Where did the Seinfeld musical cue come from?
Edgar Wright: That was my idea, but it came from a bit in the book. There’s a bit where Scott and Ramona kiss, and there’s a little arrow and it says “studio audience” and it went “aaah.” I thought that was so sweet, and we wrote that into the script. And the next scene was him coming back all cocky after making out with Ramona the night before, so we thought he should do a Kramer-style entrance, or a Fonzie-style entrance. And then the thing was we should show the entrance with the [makes Seinfeld noise]. Happy Days was the first show where that really started to happen, where the show would stop for like 30 seconds every time Henry Winkler came in.
Anna, do you look at 2010 and say, “This is a joke that I’m not getting an Oscar nomination,” or do you expect one for Scott Pilgrim too? I mean, you were pretty supporting here.
Anna Kendrick: The weird thing is, I met Edgar for the first time before I even knew what Up in the Air was and before I shot the first Twilight film. And somebody, a journalist at a roundtable, said to me, “Oh, you must have done this before Up in the Air and Twilight because you wouldn’t have done it otherwise.” But I absolutely would have done it otherwise.
Journalists are the worst.
Anna Kendrick: Yeah, like, what is wrong with you guys? I don’t know, she was being kind of snarky or whatever. I’m sort of floored by everyone else’s performance here, and envious in the sweetest way that I can think of in terms of how well everybody does in the movie. I’m just really happy to be grouped in with these people. These actors might not be people that my mom and dad know, but I’ve known who Alison Pill and Mark Webber are for years. It’s such a seasoned and professional cast, especially for a young cast.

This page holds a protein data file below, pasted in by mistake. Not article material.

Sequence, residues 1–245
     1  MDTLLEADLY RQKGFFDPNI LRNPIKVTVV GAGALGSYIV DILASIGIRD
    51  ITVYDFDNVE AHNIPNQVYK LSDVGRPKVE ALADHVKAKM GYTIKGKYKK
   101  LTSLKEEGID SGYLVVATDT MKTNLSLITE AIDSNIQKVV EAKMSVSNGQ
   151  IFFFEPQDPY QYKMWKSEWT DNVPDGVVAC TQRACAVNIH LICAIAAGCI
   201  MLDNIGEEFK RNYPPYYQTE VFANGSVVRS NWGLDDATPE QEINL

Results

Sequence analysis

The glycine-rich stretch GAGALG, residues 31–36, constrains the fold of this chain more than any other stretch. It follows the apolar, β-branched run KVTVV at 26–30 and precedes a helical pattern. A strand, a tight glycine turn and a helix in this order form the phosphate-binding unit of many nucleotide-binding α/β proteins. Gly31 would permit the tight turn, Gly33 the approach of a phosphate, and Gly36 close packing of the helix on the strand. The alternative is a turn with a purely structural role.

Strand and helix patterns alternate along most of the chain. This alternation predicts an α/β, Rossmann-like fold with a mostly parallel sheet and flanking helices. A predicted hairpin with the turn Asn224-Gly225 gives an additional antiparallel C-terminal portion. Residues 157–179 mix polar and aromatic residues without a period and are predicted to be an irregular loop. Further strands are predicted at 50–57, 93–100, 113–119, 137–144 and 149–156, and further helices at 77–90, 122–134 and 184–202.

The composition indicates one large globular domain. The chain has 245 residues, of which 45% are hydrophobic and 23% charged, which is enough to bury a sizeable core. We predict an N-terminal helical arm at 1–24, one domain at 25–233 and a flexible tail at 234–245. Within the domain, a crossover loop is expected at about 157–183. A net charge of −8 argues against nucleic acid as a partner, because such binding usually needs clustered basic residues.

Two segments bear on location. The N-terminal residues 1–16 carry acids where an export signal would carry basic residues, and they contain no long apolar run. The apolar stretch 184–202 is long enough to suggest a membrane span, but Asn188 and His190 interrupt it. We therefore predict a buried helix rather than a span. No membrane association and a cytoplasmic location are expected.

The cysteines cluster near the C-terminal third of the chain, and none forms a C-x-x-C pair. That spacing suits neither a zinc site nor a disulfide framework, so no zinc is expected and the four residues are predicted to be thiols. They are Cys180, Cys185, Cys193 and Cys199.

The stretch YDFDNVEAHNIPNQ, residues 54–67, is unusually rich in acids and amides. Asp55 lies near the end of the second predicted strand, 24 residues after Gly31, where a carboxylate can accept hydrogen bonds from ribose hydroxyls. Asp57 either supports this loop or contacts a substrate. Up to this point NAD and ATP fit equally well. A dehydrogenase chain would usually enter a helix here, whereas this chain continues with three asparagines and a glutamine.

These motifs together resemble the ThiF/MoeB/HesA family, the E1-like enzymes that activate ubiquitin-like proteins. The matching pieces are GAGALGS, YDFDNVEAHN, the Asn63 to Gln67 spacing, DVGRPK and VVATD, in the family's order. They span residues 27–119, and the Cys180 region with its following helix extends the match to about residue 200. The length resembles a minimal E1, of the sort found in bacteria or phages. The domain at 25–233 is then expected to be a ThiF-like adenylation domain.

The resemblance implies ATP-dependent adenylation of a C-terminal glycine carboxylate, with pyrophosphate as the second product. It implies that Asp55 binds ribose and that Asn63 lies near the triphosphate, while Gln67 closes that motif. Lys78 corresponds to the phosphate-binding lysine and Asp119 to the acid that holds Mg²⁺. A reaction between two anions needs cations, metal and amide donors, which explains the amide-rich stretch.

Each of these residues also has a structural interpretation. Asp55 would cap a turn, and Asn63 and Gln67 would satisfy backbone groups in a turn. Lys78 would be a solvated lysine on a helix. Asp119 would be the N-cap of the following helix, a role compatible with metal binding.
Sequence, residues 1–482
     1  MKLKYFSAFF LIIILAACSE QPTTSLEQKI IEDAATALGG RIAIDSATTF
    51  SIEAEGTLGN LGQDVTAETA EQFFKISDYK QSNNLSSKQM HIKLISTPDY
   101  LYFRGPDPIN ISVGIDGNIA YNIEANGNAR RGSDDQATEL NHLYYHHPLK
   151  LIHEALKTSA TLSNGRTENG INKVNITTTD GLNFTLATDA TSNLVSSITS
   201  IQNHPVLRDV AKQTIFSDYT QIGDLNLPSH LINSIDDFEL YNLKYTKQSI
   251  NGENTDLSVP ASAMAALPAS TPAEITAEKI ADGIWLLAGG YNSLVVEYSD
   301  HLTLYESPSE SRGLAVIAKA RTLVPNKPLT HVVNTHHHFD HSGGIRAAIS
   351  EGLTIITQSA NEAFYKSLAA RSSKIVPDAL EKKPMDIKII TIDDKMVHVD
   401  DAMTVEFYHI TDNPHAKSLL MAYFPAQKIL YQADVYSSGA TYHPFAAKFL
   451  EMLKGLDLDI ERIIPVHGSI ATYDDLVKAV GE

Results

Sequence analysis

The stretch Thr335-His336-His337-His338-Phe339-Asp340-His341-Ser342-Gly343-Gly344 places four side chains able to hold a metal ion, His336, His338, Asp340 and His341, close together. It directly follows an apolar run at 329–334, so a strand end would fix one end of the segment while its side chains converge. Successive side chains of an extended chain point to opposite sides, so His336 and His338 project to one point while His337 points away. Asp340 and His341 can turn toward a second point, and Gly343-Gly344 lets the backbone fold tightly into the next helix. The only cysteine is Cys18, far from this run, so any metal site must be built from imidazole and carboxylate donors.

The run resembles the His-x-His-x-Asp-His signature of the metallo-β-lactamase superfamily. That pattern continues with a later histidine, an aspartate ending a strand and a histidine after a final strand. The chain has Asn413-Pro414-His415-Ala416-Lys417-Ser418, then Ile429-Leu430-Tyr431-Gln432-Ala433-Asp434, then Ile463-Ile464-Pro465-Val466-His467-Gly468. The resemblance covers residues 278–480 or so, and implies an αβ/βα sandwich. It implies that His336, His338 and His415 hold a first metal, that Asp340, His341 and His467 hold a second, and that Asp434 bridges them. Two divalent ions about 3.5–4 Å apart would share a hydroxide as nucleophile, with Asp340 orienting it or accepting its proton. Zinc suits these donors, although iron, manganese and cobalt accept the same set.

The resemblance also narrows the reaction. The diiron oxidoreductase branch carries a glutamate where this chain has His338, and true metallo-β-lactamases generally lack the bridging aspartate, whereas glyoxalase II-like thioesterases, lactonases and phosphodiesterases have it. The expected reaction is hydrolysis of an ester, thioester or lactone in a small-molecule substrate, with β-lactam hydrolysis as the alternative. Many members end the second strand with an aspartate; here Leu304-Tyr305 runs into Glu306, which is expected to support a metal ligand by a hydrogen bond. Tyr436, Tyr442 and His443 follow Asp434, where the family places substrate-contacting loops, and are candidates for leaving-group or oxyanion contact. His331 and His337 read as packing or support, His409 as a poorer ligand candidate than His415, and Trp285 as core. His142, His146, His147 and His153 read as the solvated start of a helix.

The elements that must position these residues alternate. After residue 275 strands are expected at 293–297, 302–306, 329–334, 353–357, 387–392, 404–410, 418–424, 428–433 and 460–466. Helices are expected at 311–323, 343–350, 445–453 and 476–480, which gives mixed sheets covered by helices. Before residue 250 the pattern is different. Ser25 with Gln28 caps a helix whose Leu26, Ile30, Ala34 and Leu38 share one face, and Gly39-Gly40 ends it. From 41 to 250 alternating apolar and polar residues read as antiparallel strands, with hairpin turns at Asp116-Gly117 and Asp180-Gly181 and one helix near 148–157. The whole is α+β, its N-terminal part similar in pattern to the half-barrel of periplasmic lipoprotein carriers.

Edgar Wright: That’s what’s funny to me — people saying, “All these new young faces,” and I’m thinking most of these people have been working for 10 years even if they’re 20.
What are your future projects? Is Them still on your slate?
Edgar Wright: I think Them might be on the back burner; I’m not really sure what’s happening with that one. But just to clarify, that’s not a remake of the ants film. It’s an adaptation of the Jon Ronson book.
Michael Cera: Is [Them] a filmic version of the TV show Totally Hidden Extreme Magic?
Edgar Wright: [laughs] I’ve never even heard of that show!
Michael Cera: It’s on the SyFy Channel.
Edgar Wright: I’m going to say “yes.”
Michael Cera: It was a great show. A great show.
Anna Kendrick: Can we make that movie?
Edgar Wright: You’ve got the exclusive now, the three of us are making a big-screen adaptation of Totally Hidden Extreme Magic.